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Beal Rope Brush - A Review in Pictures

Original Post
tim f · · Albuquerque, NM · Joined Sep 2006 · Points: 60

My wife dropped a Beal rope brush in my x-mas stocking this year. It seemed pretty gimmicky, but I tried it out last night anyway. I think the before and after photos speak for themselves. Between each pass, I drained and refilled the bath tub.

Beal rope brush:

Beal rope brush

Before the first pass:

Before first brushing

After first pass:

After first pass

After second pass:

After second pass

After third and final pass:

After third pass

I'm not sure I would have spent $25.00 on the brush, but now having seen the results, I'm glad my wife did!

Forthright · · Unknown Hometown · Joined Oct 2011 · Points: 130

Another rope brush solution. instructables.com/id/How-to…

Chris I · · Fort Collins, CO · Joined Nov 2007 · Points: 75

How do you use this thing exactly and what was it like using it? I sure like the looks of the results. The douching method has only been somewhat effective in my experience.

tim f · · Albuquerque, NM · Joined Sep 2006 · Points: 60
Chris I wrote:How do you use this thing exactly and what was it like using it? I sure like the looks of the results. The douching method has only been somewhat effective in my experience.
Just push the end of the rope through the brush and pull the rope all the way through while submerged. I think on each round of water I passed the rope through 2 or so times. There is a lot of resistance pulling the rope through the brush, so it took me a while to complete the job.
Superclimber · · Unknown Hometown · Joined Mar 2009 · Points: 1,435

When ropes start getting ragged out and packed with dirt they sometimes tend to swell up and they don't fit thru the belay device as well. Did you notice any improvement in that respect?

tim f · · Albuquerque, NM · Joined Sep 2006 · Points: 60
Chris Miller wrote:When ropes start getting ragged out and packed with dirt they sometimes tend to swell up and they don't fit thru the belay device as well. Did you notice any improvement in that respect?
My rope hadn't reached the point of swelling in a noticeable way, so I can't speak to how well the brush would help ropes in that condition.
Superclimber · · Unknown Hometown · Joined Mar 2009 · Points: 1,435

No worries, jus wondering. Thanks for posting up tho.

20 kN · · Unknown Hometown · Joined Feb 2009 · Points: 1,346
tim f wrote:My wife dropped a Beal rope brush in my x-mas stocking this year. It seemed pretty gimmicky, but I tried it out last night anyway. I think the before and after photos speak for themselves. Between each pass, I drained and refilled the bath tub. Beal rope brush: Before the first pass: After first pass: After second pass: After third and final pass: I'm not sure I would have spent $25.00 on the brush, but now having seen the results, I'm glad my wife did!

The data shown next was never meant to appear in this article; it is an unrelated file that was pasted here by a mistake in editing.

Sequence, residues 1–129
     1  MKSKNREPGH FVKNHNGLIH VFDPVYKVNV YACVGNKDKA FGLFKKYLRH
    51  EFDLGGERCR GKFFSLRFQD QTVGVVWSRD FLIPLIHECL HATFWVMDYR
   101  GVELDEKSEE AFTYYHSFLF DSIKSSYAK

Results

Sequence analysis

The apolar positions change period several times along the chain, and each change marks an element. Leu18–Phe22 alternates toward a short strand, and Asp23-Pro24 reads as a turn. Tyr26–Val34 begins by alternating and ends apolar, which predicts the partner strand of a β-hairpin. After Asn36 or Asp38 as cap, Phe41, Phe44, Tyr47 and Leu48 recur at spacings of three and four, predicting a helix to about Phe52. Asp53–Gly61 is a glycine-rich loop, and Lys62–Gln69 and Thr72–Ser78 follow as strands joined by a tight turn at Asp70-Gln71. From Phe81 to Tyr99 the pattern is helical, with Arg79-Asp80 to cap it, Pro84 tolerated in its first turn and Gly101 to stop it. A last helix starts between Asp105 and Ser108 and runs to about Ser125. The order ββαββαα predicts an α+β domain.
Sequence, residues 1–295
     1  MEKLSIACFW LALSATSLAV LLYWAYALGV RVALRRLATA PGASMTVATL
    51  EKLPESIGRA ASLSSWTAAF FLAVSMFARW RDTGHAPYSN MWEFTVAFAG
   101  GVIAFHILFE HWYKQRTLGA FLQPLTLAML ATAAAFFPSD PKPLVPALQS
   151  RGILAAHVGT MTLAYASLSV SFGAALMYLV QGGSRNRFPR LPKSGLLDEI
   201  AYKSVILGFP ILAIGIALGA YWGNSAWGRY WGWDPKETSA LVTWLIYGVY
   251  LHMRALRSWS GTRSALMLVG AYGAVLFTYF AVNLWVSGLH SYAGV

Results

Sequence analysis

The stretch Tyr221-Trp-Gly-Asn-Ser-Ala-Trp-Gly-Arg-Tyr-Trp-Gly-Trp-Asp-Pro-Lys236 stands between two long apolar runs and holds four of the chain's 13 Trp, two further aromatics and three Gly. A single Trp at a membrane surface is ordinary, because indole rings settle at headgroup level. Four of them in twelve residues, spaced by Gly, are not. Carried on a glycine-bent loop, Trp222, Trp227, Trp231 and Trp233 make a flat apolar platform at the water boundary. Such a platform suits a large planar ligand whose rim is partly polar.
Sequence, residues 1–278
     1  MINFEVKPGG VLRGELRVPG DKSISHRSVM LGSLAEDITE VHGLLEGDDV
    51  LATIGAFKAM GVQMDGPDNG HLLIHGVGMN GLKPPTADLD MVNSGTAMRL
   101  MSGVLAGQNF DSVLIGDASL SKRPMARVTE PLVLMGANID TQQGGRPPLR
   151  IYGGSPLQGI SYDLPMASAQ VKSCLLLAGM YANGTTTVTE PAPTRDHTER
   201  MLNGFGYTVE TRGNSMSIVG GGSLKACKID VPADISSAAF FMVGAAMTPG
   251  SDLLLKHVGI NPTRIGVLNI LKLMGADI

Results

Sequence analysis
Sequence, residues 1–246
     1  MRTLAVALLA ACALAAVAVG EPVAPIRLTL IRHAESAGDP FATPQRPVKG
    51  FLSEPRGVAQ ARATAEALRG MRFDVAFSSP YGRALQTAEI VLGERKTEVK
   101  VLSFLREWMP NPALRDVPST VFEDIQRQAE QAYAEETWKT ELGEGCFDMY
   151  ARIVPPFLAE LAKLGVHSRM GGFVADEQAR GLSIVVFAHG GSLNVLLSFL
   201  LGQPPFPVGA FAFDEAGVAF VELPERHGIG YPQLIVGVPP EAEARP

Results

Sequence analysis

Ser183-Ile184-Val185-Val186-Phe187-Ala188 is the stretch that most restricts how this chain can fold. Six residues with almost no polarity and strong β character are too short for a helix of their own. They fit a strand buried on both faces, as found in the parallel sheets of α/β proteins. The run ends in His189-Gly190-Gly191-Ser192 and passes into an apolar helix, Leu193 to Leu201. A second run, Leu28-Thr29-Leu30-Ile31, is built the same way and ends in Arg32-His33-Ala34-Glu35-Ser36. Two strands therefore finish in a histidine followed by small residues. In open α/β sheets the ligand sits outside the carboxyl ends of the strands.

I throw my ropes in the wash machine when they need washing, and with far more water than what is pictured in your photos the water ends up being as black as it is in your photos. Maybe the brush helped, maybe not, but you dont need a brush to clean your rope. :)
M Mobley · · Bar Harbor, ME · Joined Mar 2006 · Points: 911

party pooper ^^^

Brian Hudson · · Hickory, NC · Joined Dec 2010 · Points: 95

yer gonna die!

oh, wait...wrong thread...

John Honey · · Unknown Hometown · Joined Jun 2014 · Points: 0

I'm considering getting one of these, too. Kinda tired of running to the laundromat for the front-loading washer and all the waiting that goes with it. When I managed a challenge course (ropes course), we used something similar, but it hooked to the hose, which I'm considering getting instead.

With either manual device, is there any concern that the tightness of the brushes might actually push dirt further in? With a washing machine or bathtub, the agitation may float out the dirt from the rope. With a manual brushing device, it seems like it could push it in further...which would also explain why the water looks cleaner as you go. The dirt would be going INTO the rope instead of out!

I don't know, it's just something occurred to me as a possibility.

NC Rock Climber · · The Oven, AKA Phoenix · Joined Dec 2009 · Points: 60

Cool review, Tim. TFPU!

Just curious, is there any evidence that periodically cleaning a rope actually prolongs its life? I never wash my ropes, and do not find that they wear out quicker than my climbing partners' ropes. I don't feel strongly about this, and am not saying that rope washing is bad. I just feel that rope washing is a waste of time and energy. If there is data out there to the contrary, I will be happy to change my mind.

reboot · · . · Joined Jul 2006 · Points: 125
NC Rock Climber wrote:Just curious, is there any evidence that periodically cleaning a rope actually prolongs its life? I never wash my ropes, and do not find that they wear out quicker than my climbing partners' ropes.
I'm not aware of any double-blind tests, but I've owned same model of ropes, one that was retired to the gym & another only outside. The sheath of the gym rope never sustained any more noticeable damage and was retired after it got really stiff from repeated falls. The outside rope, however, is due for chopping from rope end sheath wear w/ a lot less fall mileage.

Of course, that doesn't prove anything. But dirty ropes do make dirty hands, and more over, wear out your hardware way quicker. That's reason enough for me to wash them. I've used the rope brush method and it works well. But I've gotten just as good results w/ Sterling rope wash (daisy chained in a top loader) & it sure is hell of a lot less work.
Guideline #1: Don't be a jerk.

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